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Nazis Concentrating All Polish Jews in Few Large Ghettos

July 19, 1942
See Original Daily Bulletin From This Date

A new policy of abolishing the small ghettos in Poland and concentrating all the Polish Jews, and those deported to Poland from elsewhere in Europe, in several large ghettos is announced in Nazi papers reaching here from Poland today.

The reason given by the Germans for this policy are: firstly, it will enable them to make a number of districts “judenrein, and, secondly, it will facilitate the ultimate expulsion of all Jews from Poland. Meanwhile, the congestion in the ghettos in the larger cities is growing daily. In the Belzyce concentration camp, 9,000 Jews from Holland, Germany, Austria, the Czech Protectorate and Slovakia are interned under appalling conditions. In Tarnow, 27,000 Jews are jammed into the ghetto there.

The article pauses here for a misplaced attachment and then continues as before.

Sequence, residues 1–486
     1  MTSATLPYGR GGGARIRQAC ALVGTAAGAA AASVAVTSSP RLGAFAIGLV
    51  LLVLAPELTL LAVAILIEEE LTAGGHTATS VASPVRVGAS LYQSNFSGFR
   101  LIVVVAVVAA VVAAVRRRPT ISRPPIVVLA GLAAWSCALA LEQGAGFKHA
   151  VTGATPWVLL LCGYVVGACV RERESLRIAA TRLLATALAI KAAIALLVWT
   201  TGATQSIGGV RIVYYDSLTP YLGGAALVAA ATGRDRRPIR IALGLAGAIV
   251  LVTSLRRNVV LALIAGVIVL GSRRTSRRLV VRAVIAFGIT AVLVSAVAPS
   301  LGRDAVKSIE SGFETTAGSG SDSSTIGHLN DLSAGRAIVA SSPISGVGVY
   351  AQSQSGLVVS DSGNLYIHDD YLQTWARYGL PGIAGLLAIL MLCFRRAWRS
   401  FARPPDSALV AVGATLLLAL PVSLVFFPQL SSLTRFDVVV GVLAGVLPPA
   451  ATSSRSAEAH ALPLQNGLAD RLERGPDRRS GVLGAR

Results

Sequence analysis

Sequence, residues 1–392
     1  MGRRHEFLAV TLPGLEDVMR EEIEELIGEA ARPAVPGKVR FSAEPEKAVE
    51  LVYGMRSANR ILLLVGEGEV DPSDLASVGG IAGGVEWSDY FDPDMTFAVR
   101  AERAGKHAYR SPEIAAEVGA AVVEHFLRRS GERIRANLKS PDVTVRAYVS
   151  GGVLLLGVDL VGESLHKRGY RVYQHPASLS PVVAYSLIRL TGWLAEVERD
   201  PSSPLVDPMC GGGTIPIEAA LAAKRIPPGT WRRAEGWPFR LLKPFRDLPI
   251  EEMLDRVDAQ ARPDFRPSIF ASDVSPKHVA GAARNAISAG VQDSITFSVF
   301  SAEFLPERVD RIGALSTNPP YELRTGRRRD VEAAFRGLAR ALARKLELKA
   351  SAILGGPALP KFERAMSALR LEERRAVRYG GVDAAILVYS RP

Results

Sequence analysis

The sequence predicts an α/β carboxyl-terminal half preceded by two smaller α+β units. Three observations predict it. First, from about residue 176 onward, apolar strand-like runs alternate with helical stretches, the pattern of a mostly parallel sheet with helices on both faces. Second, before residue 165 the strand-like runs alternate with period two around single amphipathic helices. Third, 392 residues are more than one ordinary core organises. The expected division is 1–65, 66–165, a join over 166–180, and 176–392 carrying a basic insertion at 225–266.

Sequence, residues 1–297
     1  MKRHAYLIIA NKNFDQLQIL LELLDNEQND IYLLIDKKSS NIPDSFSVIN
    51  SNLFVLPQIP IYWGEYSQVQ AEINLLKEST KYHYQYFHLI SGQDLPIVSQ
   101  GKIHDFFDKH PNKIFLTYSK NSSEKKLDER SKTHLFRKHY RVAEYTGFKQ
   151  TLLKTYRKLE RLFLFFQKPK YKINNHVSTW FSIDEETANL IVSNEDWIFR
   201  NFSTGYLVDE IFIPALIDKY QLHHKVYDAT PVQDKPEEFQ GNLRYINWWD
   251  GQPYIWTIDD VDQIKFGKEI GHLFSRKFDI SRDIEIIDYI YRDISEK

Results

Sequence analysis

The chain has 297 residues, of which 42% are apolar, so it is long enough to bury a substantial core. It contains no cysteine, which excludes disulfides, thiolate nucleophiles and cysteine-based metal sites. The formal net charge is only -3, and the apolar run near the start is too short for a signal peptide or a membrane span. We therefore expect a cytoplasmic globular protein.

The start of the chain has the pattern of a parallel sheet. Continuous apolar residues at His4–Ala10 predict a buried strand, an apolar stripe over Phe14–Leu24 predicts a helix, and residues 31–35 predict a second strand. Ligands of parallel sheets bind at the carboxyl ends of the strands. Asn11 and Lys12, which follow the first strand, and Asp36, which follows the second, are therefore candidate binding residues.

The Nazi newspapers also report that in “an attempt to stop Jews escaping from the ghetto” the German authorities have bricked up nineteen of the twenty-three gates of the Warsaw ghetto. At the same time the ghetto police force has been increased from 1,000 to 2,000. The Jewish policemen, however, still remain unarmed.

The Krakauer Zeitung, which the Nazis publish in Cracow, carries an article discussing the “complete disorganisation of the Polish economic system,” which states that the elimination of all the Jews from the country’s economy will result in the destruction of Polish industries and will lead to the rebuilding of Poland as an agricultural state “whose only task will be to feed the German industrial centers.”

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